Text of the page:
Published Jun 14, 2018For a professional songwriter, Ray LaMontagne is a man of few words. "You should know something about me: it takes me a long time to answer questions," he says halfway through our interview. "Often days." Not that it matters. As one of the preeminent folk artists of the past 20 years to emerge on a major label, LaMontagne has gained countless fans worldwide thanks to his heartfelt and honest songs that transcend time and taste. (His music has been regularly covered by would-be hopefuls on The Voice.)
LaMontagne, on the other hand, chooses to shy away from the spotlight, rarely conducting interviews and spending the majority of his time at his home in Ashfield, MA (pop. 1,737) with his wife and two sons. It's there that he recorded and self-produced his most recent album, Part of the Light, a concoction of intimate folk ("Such a Simple Thing"), Nigel Godrich-in-the-'90s atmospherics ("Part of the Light"), and David Gilmour-esque rock ("Goodbye Blue Sky").
"All I can do is make the records that mean something to me, or at the time," he says. "I do the best work I can and hope it finds its way out there and into people's lives."
What are your current fixations?
I'm fixated with working on old cars and old motorcycles, and it's just always there. I'm really happy when I'm in the garage working on something. I'm building an old-school hot rod right now from a [Ford] Model A converted into an overhead valve conversion, an old four-banger hot rod. I'm just completely at peace in the garage. I love it.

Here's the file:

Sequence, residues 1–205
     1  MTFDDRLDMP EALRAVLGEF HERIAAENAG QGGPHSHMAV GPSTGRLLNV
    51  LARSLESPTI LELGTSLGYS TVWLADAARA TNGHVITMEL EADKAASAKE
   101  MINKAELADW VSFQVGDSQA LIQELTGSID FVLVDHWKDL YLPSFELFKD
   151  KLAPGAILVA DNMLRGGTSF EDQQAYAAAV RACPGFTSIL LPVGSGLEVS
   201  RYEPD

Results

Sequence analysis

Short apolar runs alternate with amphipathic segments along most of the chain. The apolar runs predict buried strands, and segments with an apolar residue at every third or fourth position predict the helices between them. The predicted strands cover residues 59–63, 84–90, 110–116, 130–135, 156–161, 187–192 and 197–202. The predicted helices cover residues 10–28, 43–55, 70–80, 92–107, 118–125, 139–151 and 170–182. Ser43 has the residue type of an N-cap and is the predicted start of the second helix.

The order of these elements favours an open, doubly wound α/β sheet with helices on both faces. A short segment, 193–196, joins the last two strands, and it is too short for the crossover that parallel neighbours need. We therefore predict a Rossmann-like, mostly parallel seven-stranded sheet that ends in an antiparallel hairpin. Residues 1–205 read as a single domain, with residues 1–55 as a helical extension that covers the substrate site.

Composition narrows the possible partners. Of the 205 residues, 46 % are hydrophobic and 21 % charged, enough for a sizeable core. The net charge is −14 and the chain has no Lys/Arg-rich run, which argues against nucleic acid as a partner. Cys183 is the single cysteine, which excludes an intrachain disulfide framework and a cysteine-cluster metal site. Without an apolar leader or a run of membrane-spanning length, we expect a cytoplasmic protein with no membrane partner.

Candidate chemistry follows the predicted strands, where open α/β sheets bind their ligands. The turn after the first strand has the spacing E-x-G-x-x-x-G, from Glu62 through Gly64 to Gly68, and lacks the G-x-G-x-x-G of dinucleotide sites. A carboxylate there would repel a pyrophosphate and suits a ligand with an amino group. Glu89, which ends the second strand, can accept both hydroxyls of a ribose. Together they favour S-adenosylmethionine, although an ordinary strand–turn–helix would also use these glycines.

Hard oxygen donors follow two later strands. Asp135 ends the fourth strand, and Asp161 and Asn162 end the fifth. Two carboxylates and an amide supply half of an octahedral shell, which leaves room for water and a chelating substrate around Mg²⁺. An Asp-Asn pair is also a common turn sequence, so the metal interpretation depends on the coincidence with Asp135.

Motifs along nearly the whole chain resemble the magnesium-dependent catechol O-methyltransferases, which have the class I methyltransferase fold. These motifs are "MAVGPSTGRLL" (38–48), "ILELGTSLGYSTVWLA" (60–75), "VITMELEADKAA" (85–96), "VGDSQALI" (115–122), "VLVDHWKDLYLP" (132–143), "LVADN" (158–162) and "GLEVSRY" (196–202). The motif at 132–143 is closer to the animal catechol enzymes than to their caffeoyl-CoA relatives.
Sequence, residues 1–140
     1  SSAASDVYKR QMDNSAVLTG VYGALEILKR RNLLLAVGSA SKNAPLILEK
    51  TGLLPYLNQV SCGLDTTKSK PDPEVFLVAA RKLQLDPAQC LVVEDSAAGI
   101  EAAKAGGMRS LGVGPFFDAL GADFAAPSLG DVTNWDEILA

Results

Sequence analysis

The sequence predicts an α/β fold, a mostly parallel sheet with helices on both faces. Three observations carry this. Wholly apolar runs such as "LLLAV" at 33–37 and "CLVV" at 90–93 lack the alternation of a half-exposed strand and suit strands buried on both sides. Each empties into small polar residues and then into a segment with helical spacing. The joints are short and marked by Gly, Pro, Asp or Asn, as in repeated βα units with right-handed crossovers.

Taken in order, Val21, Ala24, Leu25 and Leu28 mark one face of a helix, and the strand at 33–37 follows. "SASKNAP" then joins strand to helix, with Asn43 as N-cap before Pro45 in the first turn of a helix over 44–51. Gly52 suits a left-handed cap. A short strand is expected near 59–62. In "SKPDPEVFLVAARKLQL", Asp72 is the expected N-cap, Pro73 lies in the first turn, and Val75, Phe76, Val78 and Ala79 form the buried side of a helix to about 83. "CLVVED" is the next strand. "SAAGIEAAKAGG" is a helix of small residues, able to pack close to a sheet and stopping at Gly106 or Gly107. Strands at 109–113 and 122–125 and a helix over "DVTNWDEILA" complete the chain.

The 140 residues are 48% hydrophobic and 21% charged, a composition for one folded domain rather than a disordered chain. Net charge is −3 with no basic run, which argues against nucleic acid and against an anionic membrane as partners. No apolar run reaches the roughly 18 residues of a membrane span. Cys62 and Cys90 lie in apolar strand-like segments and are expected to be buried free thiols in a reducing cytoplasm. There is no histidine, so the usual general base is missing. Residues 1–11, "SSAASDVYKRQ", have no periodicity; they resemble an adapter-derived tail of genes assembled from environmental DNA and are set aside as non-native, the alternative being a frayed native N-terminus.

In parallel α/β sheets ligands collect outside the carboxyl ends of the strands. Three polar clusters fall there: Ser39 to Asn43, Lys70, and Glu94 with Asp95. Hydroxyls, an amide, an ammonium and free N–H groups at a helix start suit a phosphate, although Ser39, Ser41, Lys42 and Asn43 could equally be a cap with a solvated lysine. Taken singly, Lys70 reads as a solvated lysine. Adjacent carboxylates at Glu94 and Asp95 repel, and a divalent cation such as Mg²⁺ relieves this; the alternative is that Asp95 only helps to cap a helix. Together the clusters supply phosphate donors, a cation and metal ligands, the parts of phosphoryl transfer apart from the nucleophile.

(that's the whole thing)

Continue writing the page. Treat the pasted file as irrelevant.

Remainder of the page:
Why do you live where you do?
Well, it's beautiful. It's very private. Quiet. Lots of lovely old farms, and just in the foothills of the Berkshires, so it's heavenly — very peaceful.
What has been your most memorable or inspirational gig and why?
I'll give you two things. One is one that I've played, and that's Red Rocks [Amphitheatre] in Boulder, CO, which is just beautiful. It's one of those places that when you play there, in front of 10,000 people, it makes you feel so fortunate to make music and to be able to be there. It's one of those high watermark gigs, certainly for a songwriter. So doing a night there, it's something that makes you very grateful.
But a gig that I saw recently that really affected me was when I saw Wilco at the Bowery [Ballroom] in New York. It's a smallish club, and it was a very intimate show. I shy away from intimate shows, really — I don't like them for myself. I'd much rather play for 5,000 to 10,000 people any day of the week than one thousand or less. When the room gets small I feel very exposed. So I haven't done them for years and years, but a year-and-a-half ago, when I saw Wilco at the Bowery, it was stunning. I remember realizing, "Okay, this is why people love to see songwriters in small settings: because it's great." Because it's great! So after I saw that I did my first round of solo shows last October that I've done in years, and that was all because of Wilco.
What's your idea of a perfect Sunday?
Well, fair weather would be lovely. But driving around in one of my old cars, or on a motorcycle — just scooting around the hills with nothing to do but drive. That's perfect.
What do you think of when you think of Canada?